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BRITAIN: Interview with Em Cooper, Film Director and Animator

Em Cooper is a British film director and animator, and former Associate Producer & Editor at Current TV, in the UK. She is an artisan in film making, in combining oil painting with animation. Cooper is particularly inspired by psychoanalysis, (the theory of mind), which was originally developed by Sigmund FreudPsychoanalysis is used to explore internal conflicts, repression and unconscious impulsions. Much of this is exuded in her films. For example, she introduces “Is This Love”,  a film that depicts a volatile relationship between a young woman and her abuser. The character persistently denies the sanctity of her own physical well-being, as she continues to forgive her lover. She is in engulfed by this unrealistic idea of love and can’t seem to face her gamble with fate. This young woman is caught between reality and fantasy. Her instinct says leave, but her heart wants to “rescue” the abuser. It’s a herculean task and obviously unrealistic. Many of Cooper’s pieces exposes the psyche, how human beings think, feel and exist in certain situations. She intrigues her audience as many may find themselves identifying with some of the characters.

Cooper is an artist and intellectualist by all accounts.  She is an enthusiast of human engagement. Being able to energize an audience is fundamental. Connecting with the human spirit is a pattern amongst her work. Her sense of personal study is rare in both animation and movie-making. While working at Current TV, Cooper was exposed to films that failed at getting commissioned, even though they composed decent stories. They  lacked a sense of sustainability for viewers. She learned that a film maker had to facilitate listeners and possibly seduce the human spirit. Far more compelling, is the likeness and similarities between reality and paint, as Cooper seizes the physical depth of a person and mirrors their characteristics in animation. She combines this sort of oil-on-glass animation with live action footage. This distinction in her work has led to being popularly commissioned. She is currently in post-production for "Kiss the Water", a documentary by film director Eric Steel  of “Julie & Julia” and “Shaft”. The film airs in Tribeca next month.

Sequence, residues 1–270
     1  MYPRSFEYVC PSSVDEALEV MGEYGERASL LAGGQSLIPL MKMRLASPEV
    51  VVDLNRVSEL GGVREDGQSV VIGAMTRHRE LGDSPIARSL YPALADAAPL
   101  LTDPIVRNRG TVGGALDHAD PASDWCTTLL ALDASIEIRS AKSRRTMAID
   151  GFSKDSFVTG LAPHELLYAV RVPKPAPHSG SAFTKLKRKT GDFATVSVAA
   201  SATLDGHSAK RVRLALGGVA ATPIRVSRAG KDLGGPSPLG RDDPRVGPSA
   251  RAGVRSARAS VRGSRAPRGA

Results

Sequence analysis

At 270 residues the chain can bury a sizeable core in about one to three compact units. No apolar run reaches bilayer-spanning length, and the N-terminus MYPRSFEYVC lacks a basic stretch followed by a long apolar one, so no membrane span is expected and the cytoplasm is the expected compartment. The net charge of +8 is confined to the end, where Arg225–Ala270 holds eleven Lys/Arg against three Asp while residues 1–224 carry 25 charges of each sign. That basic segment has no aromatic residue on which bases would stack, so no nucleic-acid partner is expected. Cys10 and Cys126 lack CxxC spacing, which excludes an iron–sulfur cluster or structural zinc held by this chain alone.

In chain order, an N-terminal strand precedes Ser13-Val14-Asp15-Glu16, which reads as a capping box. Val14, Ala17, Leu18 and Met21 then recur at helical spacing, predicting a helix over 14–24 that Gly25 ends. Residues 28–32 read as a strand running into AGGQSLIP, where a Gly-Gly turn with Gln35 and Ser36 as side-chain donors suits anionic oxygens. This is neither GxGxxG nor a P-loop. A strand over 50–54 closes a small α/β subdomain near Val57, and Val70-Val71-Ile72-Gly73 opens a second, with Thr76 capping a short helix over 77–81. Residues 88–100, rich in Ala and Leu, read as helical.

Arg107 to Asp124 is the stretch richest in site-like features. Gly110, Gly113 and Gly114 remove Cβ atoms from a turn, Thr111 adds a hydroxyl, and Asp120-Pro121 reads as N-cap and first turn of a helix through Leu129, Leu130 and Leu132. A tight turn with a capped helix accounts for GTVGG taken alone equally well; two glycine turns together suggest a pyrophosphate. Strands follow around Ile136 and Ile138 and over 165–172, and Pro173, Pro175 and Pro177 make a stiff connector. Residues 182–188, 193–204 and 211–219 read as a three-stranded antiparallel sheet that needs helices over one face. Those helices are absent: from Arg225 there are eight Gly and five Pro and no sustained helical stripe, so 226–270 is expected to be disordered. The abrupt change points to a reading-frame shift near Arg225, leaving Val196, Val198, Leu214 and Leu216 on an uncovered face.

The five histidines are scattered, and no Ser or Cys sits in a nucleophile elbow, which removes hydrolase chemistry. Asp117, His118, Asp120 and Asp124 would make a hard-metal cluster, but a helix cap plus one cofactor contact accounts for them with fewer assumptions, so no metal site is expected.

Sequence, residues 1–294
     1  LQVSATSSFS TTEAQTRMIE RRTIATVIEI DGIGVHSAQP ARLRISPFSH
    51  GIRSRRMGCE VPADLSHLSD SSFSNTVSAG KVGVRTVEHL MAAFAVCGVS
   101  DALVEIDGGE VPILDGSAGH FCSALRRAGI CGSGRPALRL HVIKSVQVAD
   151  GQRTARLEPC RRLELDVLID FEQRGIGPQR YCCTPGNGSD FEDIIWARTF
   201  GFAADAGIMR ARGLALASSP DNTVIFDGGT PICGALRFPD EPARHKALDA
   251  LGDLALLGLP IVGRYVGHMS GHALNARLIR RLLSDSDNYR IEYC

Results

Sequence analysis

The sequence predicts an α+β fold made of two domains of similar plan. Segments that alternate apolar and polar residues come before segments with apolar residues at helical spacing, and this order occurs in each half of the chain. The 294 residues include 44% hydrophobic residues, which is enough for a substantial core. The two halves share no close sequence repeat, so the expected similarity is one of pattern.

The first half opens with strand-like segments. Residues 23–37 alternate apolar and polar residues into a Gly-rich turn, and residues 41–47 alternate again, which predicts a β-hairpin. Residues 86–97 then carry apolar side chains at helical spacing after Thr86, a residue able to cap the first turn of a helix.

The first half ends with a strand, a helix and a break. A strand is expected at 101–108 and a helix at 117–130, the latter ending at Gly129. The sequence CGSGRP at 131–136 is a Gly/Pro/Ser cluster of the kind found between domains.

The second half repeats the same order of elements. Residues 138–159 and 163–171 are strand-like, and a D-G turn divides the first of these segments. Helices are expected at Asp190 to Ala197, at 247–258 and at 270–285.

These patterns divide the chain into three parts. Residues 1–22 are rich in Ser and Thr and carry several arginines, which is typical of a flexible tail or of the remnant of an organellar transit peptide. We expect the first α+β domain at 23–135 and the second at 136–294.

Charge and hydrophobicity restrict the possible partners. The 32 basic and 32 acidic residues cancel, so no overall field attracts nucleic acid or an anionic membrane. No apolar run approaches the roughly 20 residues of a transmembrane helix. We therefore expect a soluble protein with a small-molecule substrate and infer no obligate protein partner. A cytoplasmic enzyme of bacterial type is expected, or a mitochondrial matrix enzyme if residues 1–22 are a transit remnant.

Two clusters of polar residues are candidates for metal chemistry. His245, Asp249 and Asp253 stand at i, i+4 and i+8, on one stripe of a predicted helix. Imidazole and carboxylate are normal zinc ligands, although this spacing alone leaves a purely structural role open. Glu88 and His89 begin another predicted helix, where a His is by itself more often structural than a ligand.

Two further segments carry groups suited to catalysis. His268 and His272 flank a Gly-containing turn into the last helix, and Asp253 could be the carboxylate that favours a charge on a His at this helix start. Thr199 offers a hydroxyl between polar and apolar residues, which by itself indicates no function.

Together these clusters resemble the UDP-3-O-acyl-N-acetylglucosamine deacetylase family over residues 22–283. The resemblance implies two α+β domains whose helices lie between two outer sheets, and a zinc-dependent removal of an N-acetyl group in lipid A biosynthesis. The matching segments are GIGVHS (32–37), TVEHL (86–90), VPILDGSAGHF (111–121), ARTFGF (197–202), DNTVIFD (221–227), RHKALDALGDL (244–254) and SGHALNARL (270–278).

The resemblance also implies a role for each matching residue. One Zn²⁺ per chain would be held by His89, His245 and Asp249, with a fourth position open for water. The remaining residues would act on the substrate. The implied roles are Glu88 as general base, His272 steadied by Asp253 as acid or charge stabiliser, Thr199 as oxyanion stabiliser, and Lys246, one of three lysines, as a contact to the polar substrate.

Creating the work is slow and intense but maybe that's what makes her films so provocative. Em feels that it is imperative to explore a sense of self and personalization in ones own work. Obviously, uniquity can take them a long way, much like her craft in portraying elements of psychoanalysis. She is commissioned based on what she brings to film. Had she been a cinematographer, she explains, circumstances may or may not have been different. The field is a lot more technical. Fewer women opt for cinematography.

Though, women in film are making tremendous strides, there is a need for diversity to fill these gaps. She encourages potential film makers to be diligent in their pursuits. Rejection comes with the territory. It's part of the process, but it should never deter the anticipation of becoming a success.

Her film, “'30% Women & Politics in Sierra Leone', made with Anna Cady” serves as a clear indication that women are taking leaps across the globe. It was selected for the Sundance Film Festival this year. It’s a story about the political corruption in Sierra Leone, as women attempt to embark on political leadership. The task appears to be toilsome and grueling, but without the strength of these women who attempt to try, the picture for women and girls would be oppressive and bleak. Cooper says women have to pay attention to the hardships and obstacles, and continue to fight and work towards change anyway. Cooper may exemplify what many women and girls may envision on the other end of a rainbow, a dream fulfilled, what one may achieve with diligence and anticipation.

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Julene Allen